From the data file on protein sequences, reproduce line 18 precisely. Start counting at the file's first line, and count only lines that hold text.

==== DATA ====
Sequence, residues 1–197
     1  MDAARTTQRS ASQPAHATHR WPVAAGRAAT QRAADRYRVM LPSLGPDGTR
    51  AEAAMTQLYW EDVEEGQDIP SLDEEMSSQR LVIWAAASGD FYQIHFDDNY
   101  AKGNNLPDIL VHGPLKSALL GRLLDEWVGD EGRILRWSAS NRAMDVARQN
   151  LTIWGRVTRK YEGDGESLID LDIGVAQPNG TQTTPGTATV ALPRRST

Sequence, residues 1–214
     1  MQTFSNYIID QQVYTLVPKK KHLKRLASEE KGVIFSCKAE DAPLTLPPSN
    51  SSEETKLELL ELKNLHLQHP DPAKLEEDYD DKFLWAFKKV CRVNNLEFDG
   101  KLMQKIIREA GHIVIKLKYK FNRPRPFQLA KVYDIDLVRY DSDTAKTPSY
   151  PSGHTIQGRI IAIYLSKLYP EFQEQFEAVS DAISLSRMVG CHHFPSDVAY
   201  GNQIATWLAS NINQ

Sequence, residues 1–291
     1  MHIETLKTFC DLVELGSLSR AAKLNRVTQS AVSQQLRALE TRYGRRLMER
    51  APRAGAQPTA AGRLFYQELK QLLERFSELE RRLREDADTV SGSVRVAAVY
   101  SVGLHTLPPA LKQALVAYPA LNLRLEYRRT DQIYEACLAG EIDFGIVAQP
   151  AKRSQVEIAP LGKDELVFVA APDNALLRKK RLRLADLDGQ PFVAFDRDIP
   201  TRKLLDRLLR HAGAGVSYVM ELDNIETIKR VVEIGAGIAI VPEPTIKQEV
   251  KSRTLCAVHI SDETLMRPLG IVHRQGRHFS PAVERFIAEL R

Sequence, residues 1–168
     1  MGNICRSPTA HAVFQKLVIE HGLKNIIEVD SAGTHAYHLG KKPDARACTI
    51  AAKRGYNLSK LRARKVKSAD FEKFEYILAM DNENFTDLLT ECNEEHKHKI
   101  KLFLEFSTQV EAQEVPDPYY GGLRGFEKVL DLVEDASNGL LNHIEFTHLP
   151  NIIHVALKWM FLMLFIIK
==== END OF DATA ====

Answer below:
   251  KSRTLCAVHI SDETLMRPLG IVHRQGRHFS PAVERFIAEL R